Venture

How Digital Transformation In Oil And Gas Will Put Houston On The Map As A Tech Hub 

By Andrew Bruce

What do the Astros, NASA and Beyoncé have in common? They are all out of this world yet call Houston home.

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Along with its biggest anchor, oil and gas, the city is also home to a deep bench of aerospace, health care and Fortune 500 companies. While 2020 wasn’t exactly what anyone expected, Houston’s emergent technology companies are primed to deliver solutions to advance imminent digital transformation in the $3.3 trillion global energy industry as a result of the oil price crash and COVID-19 pandemic of 2020.

COVID-19 is the villain of this story, gutting companies, inflicting unimaginable economic damage, forcing layoffs, mergers, budget cuts and changing the very nature of work itself. Even while egregious in impact, COVID-19 and the oil pricing crash can be seen as catalysts offering a clear path for Houston to make a name for itself as a serious tech hub, like a Phoenix rising from the ashes of Chapter 11.

As Beyoncé says: “If everything was perfect, you would never learn, you would never grow.”

Energy giants look to leap

The oil and gas sector has been notoriously averse to change for as long as anyone can remember, moreso than any other global industry. But it can no longer afford to remain stagnant. Among the downturned market, a pandemic and seismic industry shifts toward decarbonization, the current environment is forcing companies’ hands. Innovation and technology adoption is the new prerequisite for survival and the coming wave of change will alter Houston’s tech DNA for good.

Approximately 92 percent of oil and gas executives  polled by Ernst & Young agree that their organizations will have to change the way they operate. Among those polled, 80 percent are investing at least a moderate amount in digital technology and 43 percent have identified big data analytics and insights as one of the top three trends that will positively impact their business growth within the next three years.

The same Ernst & Young survey reports that companies are evaluating which digital technologies—data analytics, cybersecurity, data science, design thinking, blockchain and artificial intelligence among others—are the most imperative to driving production efficiencies and transforming operations to function on razor-thin margins.

Deloitte also details that near and midterm impacts from technology implementation are being prioritized and that effective digital adoption will require behavior, mindset and skill shifts to embrace and extract maximum results.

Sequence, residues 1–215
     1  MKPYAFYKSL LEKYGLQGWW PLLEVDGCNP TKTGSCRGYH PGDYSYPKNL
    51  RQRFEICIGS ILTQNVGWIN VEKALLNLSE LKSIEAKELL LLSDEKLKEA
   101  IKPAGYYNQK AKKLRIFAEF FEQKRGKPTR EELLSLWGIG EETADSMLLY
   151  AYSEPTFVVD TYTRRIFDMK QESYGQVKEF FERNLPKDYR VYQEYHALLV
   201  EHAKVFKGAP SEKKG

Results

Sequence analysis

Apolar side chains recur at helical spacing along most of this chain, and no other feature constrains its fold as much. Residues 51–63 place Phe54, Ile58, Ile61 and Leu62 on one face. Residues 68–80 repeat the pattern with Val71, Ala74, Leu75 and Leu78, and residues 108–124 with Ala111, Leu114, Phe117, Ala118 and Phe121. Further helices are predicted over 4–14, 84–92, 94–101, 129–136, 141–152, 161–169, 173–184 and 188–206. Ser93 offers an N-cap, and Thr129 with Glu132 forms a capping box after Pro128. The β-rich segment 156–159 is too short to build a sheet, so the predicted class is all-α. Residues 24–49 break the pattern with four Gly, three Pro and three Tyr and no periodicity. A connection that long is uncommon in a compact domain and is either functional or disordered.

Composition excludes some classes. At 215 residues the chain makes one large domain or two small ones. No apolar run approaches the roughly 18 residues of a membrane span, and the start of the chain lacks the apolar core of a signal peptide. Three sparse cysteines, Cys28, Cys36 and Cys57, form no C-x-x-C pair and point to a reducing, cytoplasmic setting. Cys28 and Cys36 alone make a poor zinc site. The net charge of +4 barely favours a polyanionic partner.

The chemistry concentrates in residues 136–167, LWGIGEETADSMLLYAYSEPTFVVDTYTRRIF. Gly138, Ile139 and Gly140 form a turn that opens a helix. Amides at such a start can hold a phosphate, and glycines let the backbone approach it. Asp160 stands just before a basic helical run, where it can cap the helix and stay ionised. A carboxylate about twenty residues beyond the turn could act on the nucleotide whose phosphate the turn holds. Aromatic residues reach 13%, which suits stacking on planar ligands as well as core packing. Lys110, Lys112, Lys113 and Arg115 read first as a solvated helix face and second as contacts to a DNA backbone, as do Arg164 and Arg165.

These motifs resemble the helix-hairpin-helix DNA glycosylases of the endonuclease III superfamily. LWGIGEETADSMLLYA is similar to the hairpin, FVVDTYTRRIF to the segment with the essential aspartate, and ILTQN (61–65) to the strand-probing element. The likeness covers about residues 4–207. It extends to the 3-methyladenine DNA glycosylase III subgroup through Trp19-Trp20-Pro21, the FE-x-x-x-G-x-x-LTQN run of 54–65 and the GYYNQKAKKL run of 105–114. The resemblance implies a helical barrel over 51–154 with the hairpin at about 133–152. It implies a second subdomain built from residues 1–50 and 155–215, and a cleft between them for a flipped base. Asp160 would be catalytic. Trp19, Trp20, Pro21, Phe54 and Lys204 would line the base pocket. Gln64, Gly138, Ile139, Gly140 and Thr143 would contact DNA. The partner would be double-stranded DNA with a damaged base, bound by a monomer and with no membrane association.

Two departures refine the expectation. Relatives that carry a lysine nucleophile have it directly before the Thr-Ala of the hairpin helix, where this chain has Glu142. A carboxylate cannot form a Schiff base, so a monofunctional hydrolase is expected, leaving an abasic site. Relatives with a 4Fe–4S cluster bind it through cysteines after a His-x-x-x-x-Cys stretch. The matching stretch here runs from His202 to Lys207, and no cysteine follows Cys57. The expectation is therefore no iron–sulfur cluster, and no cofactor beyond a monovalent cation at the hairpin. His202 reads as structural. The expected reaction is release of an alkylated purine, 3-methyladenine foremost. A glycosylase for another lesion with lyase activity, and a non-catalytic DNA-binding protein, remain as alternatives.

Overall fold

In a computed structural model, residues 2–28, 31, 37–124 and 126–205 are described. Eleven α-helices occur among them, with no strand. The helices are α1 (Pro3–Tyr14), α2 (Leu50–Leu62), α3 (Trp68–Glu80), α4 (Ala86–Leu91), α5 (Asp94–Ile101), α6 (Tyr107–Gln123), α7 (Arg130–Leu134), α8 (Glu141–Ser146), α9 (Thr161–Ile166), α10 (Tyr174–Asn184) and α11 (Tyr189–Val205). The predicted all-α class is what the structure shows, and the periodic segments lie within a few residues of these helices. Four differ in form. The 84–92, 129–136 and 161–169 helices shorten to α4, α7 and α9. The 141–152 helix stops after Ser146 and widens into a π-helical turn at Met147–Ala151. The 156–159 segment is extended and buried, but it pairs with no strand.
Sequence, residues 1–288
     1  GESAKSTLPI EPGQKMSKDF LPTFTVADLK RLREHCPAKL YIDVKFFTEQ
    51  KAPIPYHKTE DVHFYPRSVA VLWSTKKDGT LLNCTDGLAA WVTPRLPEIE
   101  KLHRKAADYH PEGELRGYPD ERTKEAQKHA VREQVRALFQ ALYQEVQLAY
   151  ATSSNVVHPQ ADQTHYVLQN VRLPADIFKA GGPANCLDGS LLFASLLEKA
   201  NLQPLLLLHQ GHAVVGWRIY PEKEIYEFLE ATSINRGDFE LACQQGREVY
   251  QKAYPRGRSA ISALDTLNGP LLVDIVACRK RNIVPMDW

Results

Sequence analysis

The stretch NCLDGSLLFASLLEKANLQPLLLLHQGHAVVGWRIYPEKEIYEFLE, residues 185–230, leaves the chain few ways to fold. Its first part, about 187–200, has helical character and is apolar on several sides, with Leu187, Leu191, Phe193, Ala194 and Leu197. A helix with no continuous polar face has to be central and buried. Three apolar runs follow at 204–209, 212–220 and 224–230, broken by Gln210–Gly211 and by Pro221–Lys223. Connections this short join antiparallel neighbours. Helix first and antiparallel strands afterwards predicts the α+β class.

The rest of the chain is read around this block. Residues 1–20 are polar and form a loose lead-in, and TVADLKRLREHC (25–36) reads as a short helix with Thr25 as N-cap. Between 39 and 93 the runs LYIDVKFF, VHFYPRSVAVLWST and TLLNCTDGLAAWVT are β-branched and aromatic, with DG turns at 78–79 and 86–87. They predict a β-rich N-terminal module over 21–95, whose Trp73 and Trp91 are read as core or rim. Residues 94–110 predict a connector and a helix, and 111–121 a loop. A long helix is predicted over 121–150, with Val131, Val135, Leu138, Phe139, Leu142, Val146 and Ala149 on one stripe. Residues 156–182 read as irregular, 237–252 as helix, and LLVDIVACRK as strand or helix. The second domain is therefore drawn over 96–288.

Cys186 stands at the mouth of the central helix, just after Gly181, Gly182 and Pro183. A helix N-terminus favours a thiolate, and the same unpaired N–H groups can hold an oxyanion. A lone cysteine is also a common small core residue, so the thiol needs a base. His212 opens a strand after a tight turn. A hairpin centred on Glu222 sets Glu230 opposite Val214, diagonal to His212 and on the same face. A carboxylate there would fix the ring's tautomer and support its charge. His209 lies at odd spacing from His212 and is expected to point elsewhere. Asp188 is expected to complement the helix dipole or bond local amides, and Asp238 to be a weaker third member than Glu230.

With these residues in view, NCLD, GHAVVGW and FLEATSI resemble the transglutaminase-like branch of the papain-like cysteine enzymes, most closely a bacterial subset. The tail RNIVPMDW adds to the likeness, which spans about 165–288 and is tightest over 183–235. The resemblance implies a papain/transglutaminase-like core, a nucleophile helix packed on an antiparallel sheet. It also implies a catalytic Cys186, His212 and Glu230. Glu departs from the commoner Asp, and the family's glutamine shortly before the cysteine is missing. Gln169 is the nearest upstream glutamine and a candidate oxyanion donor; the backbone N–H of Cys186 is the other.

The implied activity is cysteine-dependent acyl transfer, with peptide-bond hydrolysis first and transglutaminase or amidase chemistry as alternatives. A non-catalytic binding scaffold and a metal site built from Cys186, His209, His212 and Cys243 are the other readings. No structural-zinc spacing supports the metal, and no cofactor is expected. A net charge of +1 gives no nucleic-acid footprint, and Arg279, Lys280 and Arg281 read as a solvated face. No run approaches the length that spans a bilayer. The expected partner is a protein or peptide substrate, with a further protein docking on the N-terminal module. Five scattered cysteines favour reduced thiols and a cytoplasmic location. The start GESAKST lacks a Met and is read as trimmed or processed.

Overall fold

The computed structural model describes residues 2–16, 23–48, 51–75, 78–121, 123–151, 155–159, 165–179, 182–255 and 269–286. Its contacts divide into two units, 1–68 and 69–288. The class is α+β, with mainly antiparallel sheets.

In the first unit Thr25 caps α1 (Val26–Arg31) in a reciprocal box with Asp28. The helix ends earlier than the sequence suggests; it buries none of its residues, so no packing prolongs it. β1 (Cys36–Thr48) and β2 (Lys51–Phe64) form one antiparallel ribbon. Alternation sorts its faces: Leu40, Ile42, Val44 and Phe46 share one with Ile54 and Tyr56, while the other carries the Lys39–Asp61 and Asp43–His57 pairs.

With energy giants like Phillips 66, ConocoPhillips, Plains GP Holdings, Baker Hughes, Halliburton and more set up in Houston, the city is primed to witness a remarkable new era where traditional, slow-moving, entrenched oil and gas companies look for the fastest horse. Chances are that bet will come in the form of an agile startup.

Startups at bat

With a plethora of incubator and accelerator programs including The Cannon1 and Houston Exponential (a merger of the mayor’s Technology and Innovation Task Force, Houston Technology Center, and the Greater Houston Partnership‘s Innovation Roundtable) the support to advance startup offerings abounds.

Several notable startups poised to contribute to the billion-dollar digital transformation in oil and gas include Silicon Valley-founded Tachyus, a technology platform that optimizes energy production, which transferred most of it staff to Houston; M1neral, a mineral rights buying optimization platform; Voyager, the platform for a transparent marine supply chain in energy; and GoExpedi, a leading innovative supply chain procurement platform serving the energy sector. My company, Data Gumbo, is a provider of GumboNet, a massively interconnected industrial blockchain network that realizes transactional certainty.

Proof in the pudding: An influx of VC dollars

There were more dollars funneled to Houston’s tech companies in 2020 than in years prior. According to HTX Funding Review, startups raised $433.33 million between January and July 2020, spread across 46 deals.

Investments within energy—from venture arms of leading industry operators including Chevron and Shell, as well as international oil and gas companies like Norway’s Equinor Ventures, France’s Total Carbon Neutrality Ventures and Saudi Aramco Energy Ventures2—are supporting younger ventures to generate viable business opportunities in a post-COVID world. Legacy industries yield opportunities for meaningful innovation and problem-solving technology. And, as always, money follows suit.

Tech on the bayou

“Digital innovation is one of the few means that can contend with these profound changes” brought about by recent circumstances, according to McKinsey & Co. It’s time that energy, as a multibillion-dollar industry, modernizes to survive the crisis at hand and set itself up for a digital future — a future where there’s plenty of money to be made by the companies that can spur oil and gas into its new era.

“With a strong infrastructure (hello, Port of Houston), skilled workforce (evidenced by its robust universities) and a diverse cultural landscape, Houston is poised to offer plausible solutions to its biggest industry’s woes. Who knows, maybe the next Zuckerberg will be wearing cowboy boots and a Stetson with a hoodie? Maybe tech’s hot new home — including the likes of Hewlett Packard Enterprise — is the ‘Silicon Bayou.’ In the interim, we’ll work on the name.”

Andrew Bruce is founder and CEO of Data Gumbo, provider of GumboNet, an industrial blockchain network that realizes transactional certainty in commercial relationships.

Illustration: Li-Anne Dias


  1. Data Gumbo offices in The Cannon.

  2. Equinor Ventures and Saudi Aramco Energy Ventures are investors in Data Gumbo.

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